British American Tobacco paid bribes to officials in east Africa, including two members of a convention created under the World Health Organization (WHO) to combat smoking, according to a BBC investigation airing on Monday.
The claims were immediately denied by the London-based tobacco giant and by the three officials named in the report, while the head of the convention's secretariat called for an investigation.
BBC's Panorama programme said its documentary was based on hundreds of confidential documents from a whistleblower—a former BAT employee who was based in Kenya and worked for the company for 13 years.
"BAT's bribing people. And I'm facilitating it. The reality is if, if they have to break the rules, they will break the rules," a statement quoted him saying.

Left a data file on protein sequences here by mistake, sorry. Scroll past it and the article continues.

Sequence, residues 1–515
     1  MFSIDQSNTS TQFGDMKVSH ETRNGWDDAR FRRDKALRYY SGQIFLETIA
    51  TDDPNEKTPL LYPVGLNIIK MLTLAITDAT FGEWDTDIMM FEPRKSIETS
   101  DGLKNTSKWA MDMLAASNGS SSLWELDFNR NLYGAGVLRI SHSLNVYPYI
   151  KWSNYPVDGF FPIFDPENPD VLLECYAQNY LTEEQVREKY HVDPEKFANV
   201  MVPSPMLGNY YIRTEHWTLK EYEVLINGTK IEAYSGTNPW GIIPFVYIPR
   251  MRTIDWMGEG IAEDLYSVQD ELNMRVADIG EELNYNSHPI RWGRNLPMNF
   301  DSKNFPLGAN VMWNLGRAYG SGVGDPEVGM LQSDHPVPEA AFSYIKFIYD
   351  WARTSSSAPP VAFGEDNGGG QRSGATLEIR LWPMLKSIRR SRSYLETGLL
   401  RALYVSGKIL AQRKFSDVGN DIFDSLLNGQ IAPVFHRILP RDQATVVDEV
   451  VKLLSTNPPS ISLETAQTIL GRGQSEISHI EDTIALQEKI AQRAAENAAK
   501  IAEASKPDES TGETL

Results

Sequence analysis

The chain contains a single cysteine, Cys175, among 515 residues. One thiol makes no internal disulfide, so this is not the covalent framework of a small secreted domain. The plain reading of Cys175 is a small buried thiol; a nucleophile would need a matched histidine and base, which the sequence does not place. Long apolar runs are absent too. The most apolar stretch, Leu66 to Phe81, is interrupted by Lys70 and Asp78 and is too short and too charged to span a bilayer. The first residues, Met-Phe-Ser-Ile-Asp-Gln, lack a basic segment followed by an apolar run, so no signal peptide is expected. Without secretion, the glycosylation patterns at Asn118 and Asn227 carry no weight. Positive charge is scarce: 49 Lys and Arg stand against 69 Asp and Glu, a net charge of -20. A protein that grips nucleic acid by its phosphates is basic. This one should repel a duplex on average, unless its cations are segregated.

But the company rejected the accusation in a statement, saying: "We have made it clear to the BBC that their sources are unreliable and that we categorically deny the suggestion that this is how BAT operates around the world."
"Any proven transgression results in disciplinary action and may lead to dismissal. We will not tolerate corruption in our business, no matter where it takes place," it said.
The documents used by the programme were said to reveal that BAT paid bribes of $3,000 (about 2,800 euros) each to two representatives of the WHO's Framework Convention on Tobacco Control (FCTC).
A third official who was formerly a representative to the FCTC allegedly received $20,000.
Vera Da Costa e Silva, head of the FCTC secretariat, said BAT had been "irresponsible", according to the BBC statement.
"It's using bribery at the cost of people's lives, simple as that. I think BAT should be investigated by the government and punished accordingly," she said.
British companies can be prosecuted for bribery in other parts of the world under the Bribery Act.